On Wed, Jan 08, 2014 at 02:32:10AM +0530, Ramkumar Ramachandra wrote:

> > we should leave @{upstream} as (1), and add a new option to represent
> > (2). Not the other way around.
> I have a local branch 'forkedfrom' that has two "sources": 'master'
> and 'ram/forkedfrom'. 'ram/forkedfrom' isn't a "dumb" publish-point:
> the relationship information I get between 'forkedfrom' and
> 'ram/forkedfrom' is very useful; it's what helps me tell how my
> re-roll is doing with respect to the original series; I'd often want
> to cherry-pick commits/ messages from my original series to prepare
> the re-roll, so interaction with this source is quite high. On the
> other hand, the relationship information I get between 'forkedfrom'
> and 'master' is practically useless: 'forkedfrom' is always ahead of
> 'master', and a divergence indicates that I need to rebase; I'll never
> really need to interact with this source.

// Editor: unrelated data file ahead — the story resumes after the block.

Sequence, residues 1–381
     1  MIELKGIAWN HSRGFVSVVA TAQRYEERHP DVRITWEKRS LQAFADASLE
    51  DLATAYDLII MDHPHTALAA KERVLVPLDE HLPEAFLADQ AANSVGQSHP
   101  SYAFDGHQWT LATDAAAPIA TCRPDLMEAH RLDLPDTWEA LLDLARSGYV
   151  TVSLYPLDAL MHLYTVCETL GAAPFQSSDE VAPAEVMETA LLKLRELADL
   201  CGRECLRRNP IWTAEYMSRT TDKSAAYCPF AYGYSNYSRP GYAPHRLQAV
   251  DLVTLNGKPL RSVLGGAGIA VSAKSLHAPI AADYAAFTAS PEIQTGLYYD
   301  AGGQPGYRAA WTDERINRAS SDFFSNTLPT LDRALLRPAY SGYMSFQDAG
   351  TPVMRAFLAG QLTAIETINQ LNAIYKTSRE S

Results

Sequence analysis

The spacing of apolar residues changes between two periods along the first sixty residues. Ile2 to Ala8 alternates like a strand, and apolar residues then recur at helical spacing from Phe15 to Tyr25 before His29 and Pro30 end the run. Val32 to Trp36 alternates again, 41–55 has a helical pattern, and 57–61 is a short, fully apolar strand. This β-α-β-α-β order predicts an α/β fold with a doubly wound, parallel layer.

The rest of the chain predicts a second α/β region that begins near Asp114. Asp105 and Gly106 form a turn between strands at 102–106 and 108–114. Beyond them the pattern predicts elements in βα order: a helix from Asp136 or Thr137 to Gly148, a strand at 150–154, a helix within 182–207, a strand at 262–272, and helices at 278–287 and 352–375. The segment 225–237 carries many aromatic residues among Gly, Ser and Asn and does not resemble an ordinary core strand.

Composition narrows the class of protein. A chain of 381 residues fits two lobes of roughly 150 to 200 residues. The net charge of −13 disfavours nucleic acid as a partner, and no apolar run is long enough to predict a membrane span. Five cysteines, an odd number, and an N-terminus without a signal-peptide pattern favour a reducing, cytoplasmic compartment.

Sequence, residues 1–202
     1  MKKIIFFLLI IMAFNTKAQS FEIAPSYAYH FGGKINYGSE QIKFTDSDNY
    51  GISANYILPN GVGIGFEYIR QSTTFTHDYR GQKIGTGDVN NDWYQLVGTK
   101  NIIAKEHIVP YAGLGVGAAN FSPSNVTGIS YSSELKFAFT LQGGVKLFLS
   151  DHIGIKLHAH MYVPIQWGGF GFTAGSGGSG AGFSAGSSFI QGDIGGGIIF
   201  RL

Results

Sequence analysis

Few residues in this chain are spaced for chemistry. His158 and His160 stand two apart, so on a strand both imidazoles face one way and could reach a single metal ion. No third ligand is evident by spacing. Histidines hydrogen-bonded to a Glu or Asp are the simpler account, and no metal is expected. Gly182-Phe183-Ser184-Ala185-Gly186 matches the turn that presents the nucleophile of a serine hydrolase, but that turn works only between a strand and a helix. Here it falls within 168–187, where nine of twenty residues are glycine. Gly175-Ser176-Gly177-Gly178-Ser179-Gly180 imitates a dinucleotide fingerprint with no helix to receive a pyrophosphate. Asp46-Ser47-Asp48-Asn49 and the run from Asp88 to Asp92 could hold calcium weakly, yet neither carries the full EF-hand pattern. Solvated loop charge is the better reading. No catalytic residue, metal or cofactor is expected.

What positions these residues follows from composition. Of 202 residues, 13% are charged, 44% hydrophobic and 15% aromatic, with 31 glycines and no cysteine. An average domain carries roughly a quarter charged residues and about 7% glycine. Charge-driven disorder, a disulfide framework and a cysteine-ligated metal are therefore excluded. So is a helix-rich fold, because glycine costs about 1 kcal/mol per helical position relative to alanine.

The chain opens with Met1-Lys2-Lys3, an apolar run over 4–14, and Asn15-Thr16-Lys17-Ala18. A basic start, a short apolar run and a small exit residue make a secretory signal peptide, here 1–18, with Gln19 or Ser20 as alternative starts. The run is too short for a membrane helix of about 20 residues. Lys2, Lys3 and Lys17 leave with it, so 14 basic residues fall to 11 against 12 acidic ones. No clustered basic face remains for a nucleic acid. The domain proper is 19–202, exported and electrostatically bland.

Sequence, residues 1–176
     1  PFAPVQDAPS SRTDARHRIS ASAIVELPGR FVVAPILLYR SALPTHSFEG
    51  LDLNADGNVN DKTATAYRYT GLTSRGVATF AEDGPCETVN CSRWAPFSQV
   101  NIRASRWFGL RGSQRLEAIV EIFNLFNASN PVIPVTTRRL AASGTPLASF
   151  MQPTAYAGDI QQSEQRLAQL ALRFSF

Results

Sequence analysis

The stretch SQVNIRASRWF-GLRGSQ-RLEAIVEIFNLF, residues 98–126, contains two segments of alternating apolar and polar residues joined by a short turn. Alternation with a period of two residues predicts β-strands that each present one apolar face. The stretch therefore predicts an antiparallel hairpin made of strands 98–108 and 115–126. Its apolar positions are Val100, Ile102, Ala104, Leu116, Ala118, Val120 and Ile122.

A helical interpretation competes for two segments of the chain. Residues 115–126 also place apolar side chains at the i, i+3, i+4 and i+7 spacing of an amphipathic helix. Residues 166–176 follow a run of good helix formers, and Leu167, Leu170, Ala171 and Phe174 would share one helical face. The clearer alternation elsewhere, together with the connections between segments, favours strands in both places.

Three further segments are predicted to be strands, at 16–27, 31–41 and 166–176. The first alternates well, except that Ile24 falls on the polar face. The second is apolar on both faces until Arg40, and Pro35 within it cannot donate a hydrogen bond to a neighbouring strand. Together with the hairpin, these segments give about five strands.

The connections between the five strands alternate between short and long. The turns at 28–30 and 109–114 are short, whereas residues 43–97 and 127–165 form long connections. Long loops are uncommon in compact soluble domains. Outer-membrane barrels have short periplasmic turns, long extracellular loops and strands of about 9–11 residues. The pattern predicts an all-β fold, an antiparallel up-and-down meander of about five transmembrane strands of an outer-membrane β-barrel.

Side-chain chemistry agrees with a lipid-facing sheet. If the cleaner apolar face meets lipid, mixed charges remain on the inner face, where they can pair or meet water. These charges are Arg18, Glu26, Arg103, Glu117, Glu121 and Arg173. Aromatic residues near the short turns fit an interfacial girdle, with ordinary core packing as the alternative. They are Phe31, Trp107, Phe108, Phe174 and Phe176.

Thanks for a concrete example.

I definitely respect the desire to reuse the existing tooling we have
for @{u}. At the same time, I think you are warping the meaning of
@{u} somewhat. It is _not_ your upstream here, but rather another
version of the branch that has useful changes in it. That might be
splitting hairs a bit, but I think you will find that the differences
leak through in inconvenient spots (like format-patch, where you really
_do_ want to default to the true upstream).

If we add "@{publish}" (and "@{pu}"), then it becomes very convenient to
refer to the ram/ version of your branch. That seems like an obvious
first step to me. We don't have to add new config, because
"branch.*.pushremote" already handles this.

Now you can do "git rebase @{pu}" which is nice, but not _quite_ as nice
as "git rebase", which defaults to "@{u}". That first step might be
enough, and I'd hold off there and try it out for a few days or weeks
first. But if you find in your workflow that you are having to specify
"@{pu}" a lot, then maybe it is worth adding an option to default rebase
to "@{pu}" instead of "@{u}".

You end up in the same place ("git rebase" without options does what you
want), but I think the underlying data more accurately represents what
is going on (and there is no need to teach "format-patch" anything

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